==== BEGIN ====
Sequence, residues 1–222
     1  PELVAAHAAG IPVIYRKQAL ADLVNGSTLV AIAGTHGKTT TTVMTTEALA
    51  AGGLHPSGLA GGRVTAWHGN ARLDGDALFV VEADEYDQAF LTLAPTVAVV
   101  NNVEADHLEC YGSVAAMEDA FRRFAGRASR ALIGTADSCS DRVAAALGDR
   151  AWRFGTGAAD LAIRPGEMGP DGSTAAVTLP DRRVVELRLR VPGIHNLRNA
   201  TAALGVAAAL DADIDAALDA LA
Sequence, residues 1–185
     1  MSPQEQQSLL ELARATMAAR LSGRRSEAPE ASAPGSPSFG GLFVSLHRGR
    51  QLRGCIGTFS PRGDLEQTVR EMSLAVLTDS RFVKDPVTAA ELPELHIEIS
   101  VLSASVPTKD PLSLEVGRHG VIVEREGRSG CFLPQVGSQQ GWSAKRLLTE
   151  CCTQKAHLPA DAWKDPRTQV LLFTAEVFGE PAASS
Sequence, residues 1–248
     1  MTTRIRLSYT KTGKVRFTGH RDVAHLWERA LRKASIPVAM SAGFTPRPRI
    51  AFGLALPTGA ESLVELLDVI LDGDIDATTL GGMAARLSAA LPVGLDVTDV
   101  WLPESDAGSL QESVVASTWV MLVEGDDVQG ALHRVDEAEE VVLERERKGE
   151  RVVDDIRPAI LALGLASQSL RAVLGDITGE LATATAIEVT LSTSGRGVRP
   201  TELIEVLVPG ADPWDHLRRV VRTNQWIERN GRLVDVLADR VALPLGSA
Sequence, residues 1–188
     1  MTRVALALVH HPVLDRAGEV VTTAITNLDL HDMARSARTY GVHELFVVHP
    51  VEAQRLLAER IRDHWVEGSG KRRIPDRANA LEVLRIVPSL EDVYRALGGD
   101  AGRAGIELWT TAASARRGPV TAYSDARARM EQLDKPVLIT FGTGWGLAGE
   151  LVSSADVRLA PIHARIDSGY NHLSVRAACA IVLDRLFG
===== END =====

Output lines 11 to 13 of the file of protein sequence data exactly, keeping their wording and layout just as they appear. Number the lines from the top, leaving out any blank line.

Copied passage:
   151  CCTQKAHLPA DAWKDPRTQV LLFTAEVFGE PAASS
Sequence, residues 1–248
     1  MTTRIRLSYT KTGKVRFTGH RDVAHLWERA LRKASIPVAM SAGFTPRPRI